The ghrelin-producing epsilon population within the rodent pancreatic islet is predominantly present during embryogenesis, with ghrelin expression peaking just before birth ; Supplementary figure 1). In at least three different mouse mutant models (Pax4, Pax6 and Nkx2.2), an increase in the amount of ghrelin within the islet corresponds with a loss of either insulin-producing beta cells, glucagon-producing alpha cells, or both cell populations [1, 25]. Although we hypothesized that in the Nkx2.2 null mice the altered ratio of endocrine cell types is due to a switch in cell fates , we were not able to rule out that the increase in ghrelin expression acted in a paracrine manner to influence endocrine cell differentiation or insulin and glucagon expression. In this current study, we analyzed the developing pancreas of ghrelin null embryos to determine whether ghrelin is necessary for proper endocrine differentiation and/or islet formation during embryogenesis. Given the mild phenotype associated with the adult ghrelin null mice, we expected to observe a delay in endocrine cell differentiation or perhaps an impairment of islet cell development that would be recovered postnatally. However, we were unable to detect any discernible islet phenotype in the absence of ghrelin, suggesting that ghrelin is dispensable for normal endocrine cell differentiation and development during embryogenesis.
Given that the upregulation of ghrelin has a profound affect on differentiation processes, feeding behavior and metabolic functions [10, 17, 18, 34, 35], it was possible that the increase of ghrelin was responsible for the loss of insulin- and glucagon producing cells in the Nkx2.2 null embryos. However, the elimination of ghrelin from the Nkx2.2 null islets did not restore the insulin- and glucagon- producing cell populations, suggesting that the upregulation of ghrelin is not responsible for the loss of insulin- and glucagon- producing cells in the Nkx2.2 null mice. In addition, we demonstrated that the absence of insulin does not lead to the upregulation of ghrelin. Overall, it would appear that the formation of the different endocrine populations within the islet is not influenced by hormone production and likely occurs independently, although it remains possible that other factors expressed by the ghrelin cell population can influence islet cell development.
The pancreas is one of the major sources of ghrelin in the embryo, yet the function of the ghrelin-producing cells within the developing islet remains elusive. Although ghrelin appears to be dispensable for embryonic pancreas development, the discovery that ghrelin cells often replace the other endocrine populations in the pancreas and intestine [1, 36] suggests there is a lineage relationship between the ghrelin-producing epsilon cells and many of the other hormone-producing populations. This is supported by the evidence that ghrelin cells arise from the common Ngn3+ endocrine progenitor population . Furthermore, the genetic data suggests that the differentiation of epsilon cells is closely linked to the many of the other endocrine cell populations. It remains possible that the ghrelin cells represent an endocrine precursor population or are part of a default lineage pathway that is triggered in the absence of the appropriate regulatory signals. Alternatively, the ghrelin cells may represent a vestigial endocrine cell population in the gut and pancreas that is no longer necessary for organ development or function. Future lineage tracing studies of the ghrelin-expressing population within the pancreas will help resolve these issues and help determine the precise role of islet ghrelin cells during embryogenesis.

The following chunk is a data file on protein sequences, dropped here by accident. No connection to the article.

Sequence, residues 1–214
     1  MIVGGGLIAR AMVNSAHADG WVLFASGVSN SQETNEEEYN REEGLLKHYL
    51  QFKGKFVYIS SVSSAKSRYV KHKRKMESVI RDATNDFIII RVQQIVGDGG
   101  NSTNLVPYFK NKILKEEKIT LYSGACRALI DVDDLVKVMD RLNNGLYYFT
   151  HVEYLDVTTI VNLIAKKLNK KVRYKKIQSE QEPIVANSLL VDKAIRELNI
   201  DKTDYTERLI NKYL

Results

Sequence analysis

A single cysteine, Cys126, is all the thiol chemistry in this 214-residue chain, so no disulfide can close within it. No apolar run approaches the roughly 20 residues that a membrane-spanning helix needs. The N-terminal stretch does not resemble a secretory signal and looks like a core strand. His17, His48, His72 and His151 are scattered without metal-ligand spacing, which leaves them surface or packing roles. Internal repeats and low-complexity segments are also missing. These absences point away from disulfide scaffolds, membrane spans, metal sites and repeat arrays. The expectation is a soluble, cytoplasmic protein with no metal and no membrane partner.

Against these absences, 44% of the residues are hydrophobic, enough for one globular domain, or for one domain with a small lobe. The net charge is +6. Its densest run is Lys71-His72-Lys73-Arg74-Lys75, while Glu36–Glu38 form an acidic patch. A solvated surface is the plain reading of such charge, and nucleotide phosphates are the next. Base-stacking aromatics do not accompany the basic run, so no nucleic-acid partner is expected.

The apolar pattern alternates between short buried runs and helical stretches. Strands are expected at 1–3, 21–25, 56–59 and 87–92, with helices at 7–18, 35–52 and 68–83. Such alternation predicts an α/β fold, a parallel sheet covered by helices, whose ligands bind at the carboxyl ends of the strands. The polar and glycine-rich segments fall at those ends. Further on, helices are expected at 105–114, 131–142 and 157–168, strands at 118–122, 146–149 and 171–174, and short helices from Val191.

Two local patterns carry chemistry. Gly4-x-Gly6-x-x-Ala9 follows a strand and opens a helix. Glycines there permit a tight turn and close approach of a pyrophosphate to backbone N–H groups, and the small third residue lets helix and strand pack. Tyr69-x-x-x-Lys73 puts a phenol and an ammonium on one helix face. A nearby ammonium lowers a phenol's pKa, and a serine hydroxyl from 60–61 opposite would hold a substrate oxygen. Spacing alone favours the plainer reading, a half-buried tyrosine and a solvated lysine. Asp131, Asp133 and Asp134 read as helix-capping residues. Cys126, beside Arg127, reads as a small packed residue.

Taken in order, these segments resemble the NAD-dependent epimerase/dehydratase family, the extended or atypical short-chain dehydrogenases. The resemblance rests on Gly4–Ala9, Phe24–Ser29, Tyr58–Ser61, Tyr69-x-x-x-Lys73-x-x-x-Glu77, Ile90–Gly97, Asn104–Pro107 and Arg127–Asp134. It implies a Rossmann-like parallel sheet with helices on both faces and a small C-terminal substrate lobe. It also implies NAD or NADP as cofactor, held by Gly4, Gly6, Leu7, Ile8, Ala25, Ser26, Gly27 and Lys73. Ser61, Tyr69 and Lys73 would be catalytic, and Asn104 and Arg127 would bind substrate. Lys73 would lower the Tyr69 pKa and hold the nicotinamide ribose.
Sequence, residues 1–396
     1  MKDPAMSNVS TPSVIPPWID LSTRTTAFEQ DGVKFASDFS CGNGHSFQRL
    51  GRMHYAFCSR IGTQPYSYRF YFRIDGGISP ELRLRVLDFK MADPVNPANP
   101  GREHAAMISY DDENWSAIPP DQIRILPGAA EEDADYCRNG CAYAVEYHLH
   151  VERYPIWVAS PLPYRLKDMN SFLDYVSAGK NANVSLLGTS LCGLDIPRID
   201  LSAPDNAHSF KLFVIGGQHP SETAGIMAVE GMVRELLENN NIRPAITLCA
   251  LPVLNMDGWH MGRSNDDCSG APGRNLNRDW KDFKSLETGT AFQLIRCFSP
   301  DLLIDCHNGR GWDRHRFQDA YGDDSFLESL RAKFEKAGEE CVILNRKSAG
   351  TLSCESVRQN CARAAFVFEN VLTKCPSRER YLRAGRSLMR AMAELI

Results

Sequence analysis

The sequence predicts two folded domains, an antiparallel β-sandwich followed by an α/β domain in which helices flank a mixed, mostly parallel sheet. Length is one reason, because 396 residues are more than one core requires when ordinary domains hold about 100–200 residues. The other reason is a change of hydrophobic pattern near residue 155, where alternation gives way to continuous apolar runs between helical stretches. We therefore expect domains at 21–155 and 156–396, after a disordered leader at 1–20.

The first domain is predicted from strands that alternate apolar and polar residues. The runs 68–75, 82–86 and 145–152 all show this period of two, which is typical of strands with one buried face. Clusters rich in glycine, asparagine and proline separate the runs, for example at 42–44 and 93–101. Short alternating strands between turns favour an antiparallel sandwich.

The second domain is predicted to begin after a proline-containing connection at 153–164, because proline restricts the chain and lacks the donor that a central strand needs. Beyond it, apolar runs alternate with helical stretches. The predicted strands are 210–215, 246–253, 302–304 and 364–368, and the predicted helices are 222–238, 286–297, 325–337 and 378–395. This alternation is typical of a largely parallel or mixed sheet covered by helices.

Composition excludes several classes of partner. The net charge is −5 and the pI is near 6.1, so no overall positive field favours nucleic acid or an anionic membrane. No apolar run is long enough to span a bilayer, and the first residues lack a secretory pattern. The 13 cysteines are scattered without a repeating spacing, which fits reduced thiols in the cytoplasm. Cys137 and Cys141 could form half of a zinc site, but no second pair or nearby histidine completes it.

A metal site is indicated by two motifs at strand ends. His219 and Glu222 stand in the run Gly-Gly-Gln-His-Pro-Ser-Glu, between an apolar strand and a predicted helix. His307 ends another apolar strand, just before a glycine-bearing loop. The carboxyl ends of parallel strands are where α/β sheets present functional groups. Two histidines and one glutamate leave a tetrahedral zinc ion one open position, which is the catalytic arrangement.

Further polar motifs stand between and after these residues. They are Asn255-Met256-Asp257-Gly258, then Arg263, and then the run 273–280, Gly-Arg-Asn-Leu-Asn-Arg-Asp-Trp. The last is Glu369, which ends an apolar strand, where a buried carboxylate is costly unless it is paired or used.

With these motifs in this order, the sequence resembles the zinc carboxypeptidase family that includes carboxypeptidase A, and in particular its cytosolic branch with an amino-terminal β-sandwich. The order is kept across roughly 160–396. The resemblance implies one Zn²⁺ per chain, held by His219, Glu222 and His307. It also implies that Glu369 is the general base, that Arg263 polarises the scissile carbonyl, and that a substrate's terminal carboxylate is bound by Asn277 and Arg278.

Supplemental Figure 1. Pancreatic ghrelin mRNA expression throughout embryonic development. Ghrelin mRNA levels were determined by quantitative real time PCR on samples collected daily between e12.5 and PO. n=4 for each stage.
We thank Morgan Singleton for her help in maintaining the mouse colony. We thank Dr. Lee Niswander for use of the Zeiss confocal microscope. This work was supported by an ADA RRG (LS), NIH Predoctoral Training Awards in Molecular Biology: T32-GM08730 (JS and MD) and Endocrinology: T32-DK07328-29 (JH), and a Naomi Berrie Fellowship (TLM). We would also like to acknowledge support from the DERC (NIH P30 DK63608) and the Naomi Berrie Foundation.